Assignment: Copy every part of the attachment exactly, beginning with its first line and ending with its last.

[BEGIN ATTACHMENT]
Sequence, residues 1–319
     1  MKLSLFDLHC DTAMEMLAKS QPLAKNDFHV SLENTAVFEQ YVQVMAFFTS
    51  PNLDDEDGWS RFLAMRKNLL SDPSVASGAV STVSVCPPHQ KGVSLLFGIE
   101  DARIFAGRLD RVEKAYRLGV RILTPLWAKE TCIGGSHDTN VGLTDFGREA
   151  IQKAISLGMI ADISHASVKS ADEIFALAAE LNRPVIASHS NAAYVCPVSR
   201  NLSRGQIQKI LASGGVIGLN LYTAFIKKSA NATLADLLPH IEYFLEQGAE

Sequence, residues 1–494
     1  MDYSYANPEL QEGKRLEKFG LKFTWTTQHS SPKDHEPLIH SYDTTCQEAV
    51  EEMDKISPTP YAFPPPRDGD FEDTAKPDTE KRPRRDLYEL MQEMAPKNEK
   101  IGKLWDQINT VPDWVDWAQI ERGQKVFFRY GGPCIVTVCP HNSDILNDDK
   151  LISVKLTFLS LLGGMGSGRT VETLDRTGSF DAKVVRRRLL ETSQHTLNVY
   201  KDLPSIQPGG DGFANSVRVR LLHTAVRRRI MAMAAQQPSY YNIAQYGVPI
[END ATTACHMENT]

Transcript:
Sequence, residues 1–319
     1  MKLSLFDLHC DTAMEMLAKS QPLAKNDFHV SLENTAVFEQ YVQVMAFFTS
    51  PNLDDEDGWS RFLAMRKNLL SDPSVASGAV STVSVCPPHQ KGVSLLFGIE
   101  DARIFAGRLD RVEKAYRLGV RILTPLWAKE TCIGGSHDTN VGLTDFGREA
   151  IQKAISLGMI ADISHASVKS ADEIFALAAE LNRPVIASHS NAAYVCPVSR
   201  NLSRGQIQKI LASGGVIGLN LYTAFIKKSA NATLADLLPH IEYFLEQGAE

Sequence, residues 1–494
     1  MDYSYANPEL QEGKRLEKFG LKFTWTTQHS SPKDHEPLIH SYDTTCQEAV
    51  EEMDKISPTP YAFPPPRDGD FEDTAKPDTE KRPRRDLYEL MQEMAPKNEK
   101  IGKLWDQINT VPDWVDWAQI ERGQKVFFRY GGPCIVTVCP HNSDILNDDK
   151  LISVKLTFLS LLGGMGSGRT VETLDRTGSF DAKVVRRRLL ETSQHTLNVY
   201  KDLPSIQPGG DGFANSVRVR LLHTAVRRRI MAMAAQQPSY YNIAQYGVPI